Does it give a rubric for each motor task unit? The rubric must clearly identify what is expected of the students. The rubric establishes teacher expectations and the appropriate feedback to improve student performance.

Does it provide formative assessment? Formative assessment provides teachers with ongoing information about how well the students are doing. The rubric is critical to formative assessment. Formative assessment is used to determine if students are ready to move to the next task or if more instruction/practice time is needed on the current task.

Does it provide summative assessment? A physical education curriculum should provide protocols for how to assess each motor task unit. Summative assessment has two main functions. The most important is its use as an instructional tool. Teachers should take the information grained from the assessment of students to improve instruction. Secondly, it should be used as major criteria for student grades.

An effective physical education curriculum resource must provide the teacher with the information needed to plan and implement a program of instruction that will result in improving student performance. The goal of physical education is to develop the skills and knowledge of how and why to lead a physically active lifestyle.

Center for Disease Control (CDC) has developed an excellent curriculum assessment tool PECAT (Physical Education Curriculum Assessment Tool). It is available as a free download at  Schools and school districts should consider having their physical education review the available curriculum resources using the PECAT instead of having teachers write a physical education curriculum. It may be a valuable use of their time.

The second aspect of the comprehensive school physical activity is daily physical activity. Physical activity is the time students spend in health enhancing physical activity during the school day.

The goal of a physical activity program should be to provide at least half of the daily physical activity needs of children. The American Heart Association, American Medical Association, Center for Disease Control and the National Association of Physical Education and Sport recommend at least 60 minutes of daily physical activity.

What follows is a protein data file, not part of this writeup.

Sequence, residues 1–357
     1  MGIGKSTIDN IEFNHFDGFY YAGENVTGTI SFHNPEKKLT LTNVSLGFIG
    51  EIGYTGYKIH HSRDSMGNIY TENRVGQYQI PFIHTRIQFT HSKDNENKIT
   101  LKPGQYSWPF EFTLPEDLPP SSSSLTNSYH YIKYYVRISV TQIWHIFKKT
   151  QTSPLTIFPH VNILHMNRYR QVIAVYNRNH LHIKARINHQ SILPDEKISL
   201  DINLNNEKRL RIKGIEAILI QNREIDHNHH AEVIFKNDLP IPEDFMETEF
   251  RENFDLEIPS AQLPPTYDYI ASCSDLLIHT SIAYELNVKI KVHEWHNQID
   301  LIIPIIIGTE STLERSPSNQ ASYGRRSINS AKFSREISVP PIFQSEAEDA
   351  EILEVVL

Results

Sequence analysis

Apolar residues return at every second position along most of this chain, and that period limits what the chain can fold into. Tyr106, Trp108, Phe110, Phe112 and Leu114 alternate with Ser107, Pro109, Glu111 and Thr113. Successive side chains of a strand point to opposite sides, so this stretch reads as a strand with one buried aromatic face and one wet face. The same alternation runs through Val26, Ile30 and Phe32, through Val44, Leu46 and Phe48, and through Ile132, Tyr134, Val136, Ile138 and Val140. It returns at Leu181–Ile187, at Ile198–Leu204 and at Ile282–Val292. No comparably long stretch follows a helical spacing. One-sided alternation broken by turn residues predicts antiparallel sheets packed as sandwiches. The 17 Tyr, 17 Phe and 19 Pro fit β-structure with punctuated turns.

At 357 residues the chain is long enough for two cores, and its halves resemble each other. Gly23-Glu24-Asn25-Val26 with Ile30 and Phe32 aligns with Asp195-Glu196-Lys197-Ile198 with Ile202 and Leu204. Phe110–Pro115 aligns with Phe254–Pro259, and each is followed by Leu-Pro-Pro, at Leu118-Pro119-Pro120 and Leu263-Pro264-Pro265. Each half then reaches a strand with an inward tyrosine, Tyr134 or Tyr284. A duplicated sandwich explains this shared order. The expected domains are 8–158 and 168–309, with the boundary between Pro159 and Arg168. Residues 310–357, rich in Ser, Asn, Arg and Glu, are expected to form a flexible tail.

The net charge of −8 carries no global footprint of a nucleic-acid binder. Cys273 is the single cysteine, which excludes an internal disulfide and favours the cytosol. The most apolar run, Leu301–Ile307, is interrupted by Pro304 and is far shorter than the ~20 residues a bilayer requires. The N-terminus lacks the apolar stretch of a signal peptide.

School staffs that are preparing to make a commitment to a school-wide physical activity program should first conduct a review of the school day activities that are conducive to a physical activity, such as physical education and recess. Are students receiving an appropriate amount of physical activity during the time slots? In physical education, the students should be physically active from 60 to 80 percent of the class period. The time starts from the moment the students enter the physical activity area until they leave. A simple time study should be done to determine if the students are physically active for the desired time length.

Recess is another time that students can be physically active. Most recess periods are 15 to 20 minutes. Far too often, students are not physically active or their physical activity is low intensity, not providing a health benefit. Recess should be organized so that all students are physically active. This requirement can be as simple as having students walk while they talk if not participating in regular recess activities.

After reviewing the amount of time in health enhancing physical activity, the school staff should start identifying how extra time can be allotted for physical activity. Many classroom teachers who value the benefits of physical activity already plan physical activities that are beneficial to their students. These may be as simple as a brisk 20 minute walk.

There is not space —nor is the intent of this article — to explain how to plan and implement a comprehensive school-wide physical activity program. The following resource is recommended for school staffs interested in pursuing the development of a school-wide physical activity program: “Schoolwide Physical Activity” by Rink, Hall and Williams.

Schools that make a commitment to a school-wide physical education program increase the chances that their students will:

  • Lead a physically active lifestyle
  • Perform better in school
  • Have less behavior issues
  • Improve attendance

These are four good reasons to seriously consider implementing a school-wide physical activity program.